Battery fuel gauge with zero parts and zero pins on AVR

Josh Levine writes:

It can be nice to know how much battery power you have. It becomes critically important with LiPo batteries since you can permanently damage them by running the voltage down too low. Typically battery voltage detection requires adding a circuit with extra parts and their associated power requirements. Wouldn’t it be great to be able to do this using nothing but software? Read on for a no parts, no pins, no power solution…

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5 Comments

  1. Gosh, every little thing is overblown nowadays… This is a total no-brainer to every embedded engineer who put a little bit of thought about parts optimization. Done this many times, it was the first thing that came to my mind, and I never even bothered considering the opamp case. Yawn.

    1. Also, the “no power solution” bit would likely elicit strong reactions from EEs. My unfiltered reaction is ‘deceitful showboating’. When doing embedded design we usually do duty cycle calculations, even if the average is in nanoamps, it can still be designed for, in conjunction with battery behaviour over time. No power? Good grief. Dabbed too much marketing gloss on what is just a basic MCU technique. So it is not surprising that the author is getting flak and is attempting to defend himself via his FAQ. Heh.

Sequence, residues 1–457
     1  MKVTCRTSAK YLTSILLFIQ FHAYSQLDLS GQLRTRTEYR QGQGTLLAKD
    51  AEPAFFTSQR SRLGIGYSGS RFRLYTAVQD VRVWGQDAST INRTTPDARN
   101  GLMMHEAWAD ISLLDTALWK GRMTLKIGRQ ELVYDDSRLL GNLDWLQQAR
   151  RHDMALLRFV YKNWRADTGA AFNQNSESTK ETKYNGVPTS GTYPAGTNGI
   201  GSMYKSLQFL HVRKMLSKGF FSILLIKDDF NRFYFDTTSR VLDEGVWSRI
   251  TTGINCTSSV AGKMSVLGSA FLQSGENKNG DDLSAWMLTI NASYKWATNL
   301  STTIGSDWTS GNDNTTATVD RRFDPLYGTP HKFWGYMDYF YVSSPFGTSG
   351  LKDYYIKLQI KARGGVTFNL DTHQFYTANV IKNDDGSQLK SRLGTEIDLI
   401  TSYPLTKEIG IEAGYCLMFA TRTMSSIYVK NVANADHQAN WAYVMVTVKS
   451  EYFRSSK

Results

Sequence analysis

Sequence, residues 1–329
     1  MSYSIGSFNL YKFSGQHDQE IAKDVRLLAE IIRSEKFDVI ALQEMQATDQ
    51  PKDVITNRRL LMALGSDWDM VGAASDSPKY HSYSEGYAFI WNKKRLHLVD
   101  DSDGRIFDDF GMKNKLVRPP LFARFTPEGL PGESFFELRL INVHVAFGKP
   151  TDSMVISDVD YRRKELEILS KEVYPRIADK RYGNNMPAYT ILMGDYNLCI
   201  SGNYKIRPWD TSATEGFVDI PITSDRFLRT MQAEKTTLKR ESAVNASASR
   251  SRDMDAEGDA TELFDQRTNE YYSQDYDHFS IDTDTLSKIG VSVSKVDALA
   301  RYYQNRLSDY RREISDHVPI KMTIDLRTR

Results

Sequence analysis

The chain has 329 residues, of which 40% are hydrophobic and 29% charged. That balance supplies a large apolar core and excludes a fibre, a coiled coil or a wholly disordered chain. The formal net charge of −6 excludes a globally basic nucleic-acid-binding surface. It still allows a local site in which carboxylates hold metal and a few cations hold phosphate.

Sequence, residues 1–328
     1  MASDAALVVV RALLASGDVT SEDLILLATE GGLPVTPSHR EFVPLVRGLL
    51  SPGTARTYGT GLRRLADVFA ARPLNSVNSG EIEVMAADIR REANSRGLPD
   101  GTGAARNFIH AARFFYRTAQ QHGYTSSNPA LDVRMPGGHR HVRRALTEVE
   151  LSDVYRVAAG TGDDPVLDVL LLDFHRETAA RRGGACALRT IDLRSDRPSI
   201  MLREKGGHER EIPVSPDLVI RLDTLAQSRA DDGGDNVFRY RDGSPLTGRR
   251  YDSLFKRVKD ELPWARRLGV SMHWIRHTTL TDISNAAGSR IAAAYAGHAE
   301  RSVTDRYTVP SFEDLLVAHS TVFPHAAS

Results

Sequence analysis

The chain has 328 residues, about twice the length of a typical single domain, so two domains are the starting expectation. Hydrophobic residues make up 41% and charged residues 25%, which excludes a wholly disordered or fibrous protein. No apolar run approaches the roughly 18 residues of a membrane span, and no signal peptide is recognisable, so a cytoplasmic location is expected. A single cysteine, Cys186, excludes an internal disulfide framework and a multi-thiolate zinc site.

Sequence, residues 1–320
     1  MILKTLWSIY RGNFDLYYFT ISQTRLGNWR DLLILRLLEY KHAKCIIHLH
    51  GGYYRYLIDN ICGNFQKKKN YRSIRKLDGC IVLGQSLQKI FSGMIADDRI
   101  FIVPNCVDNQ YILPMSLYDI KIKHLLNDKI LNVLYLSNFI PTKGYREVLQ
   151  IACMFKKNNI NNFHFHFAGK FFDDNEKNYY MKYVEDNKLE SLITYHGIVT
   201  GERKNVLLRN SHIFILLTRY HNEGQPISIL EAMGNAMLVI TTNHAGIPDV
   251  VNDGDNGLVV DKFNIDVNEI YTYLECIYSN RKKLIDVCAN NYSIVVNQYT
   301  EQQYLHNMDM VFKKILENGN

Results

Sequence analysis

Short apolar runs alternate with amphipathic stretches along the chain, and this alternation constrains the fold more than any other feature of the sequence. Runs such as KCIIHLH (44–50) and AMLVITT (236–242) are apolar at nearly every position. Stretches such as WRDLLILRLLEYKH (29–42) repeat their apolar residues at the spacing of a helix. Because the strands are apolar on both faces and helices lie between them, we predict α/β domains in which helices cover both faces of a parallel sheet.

2. I think it’s a consequence of the growing popularity of being a “maker” (I hate that word) – in a parallel with PCs, twenty years ago only people who knew how to use a computer were using one. These days, 95% never bother past getting on Facebook and Youtube. The Arduino did the same for electronics – now, 95% think that “downloading a sketch” is engineering and circuit design is what you do in Fritzing. Whether one considers the resulting wider access a good or bad thing is for each to decide, but it undeniably lowered the bar to effectively zero and that is indeed extremely annoying for anyone even slightly more knowledgeable than that…

  2. Not only is this obvious (and subject of many appnotes) but the guy also is wrong about the attiny in the bottom of the writetup. Yoy CAN do this on the attiny and the temp sensor need not be involved…

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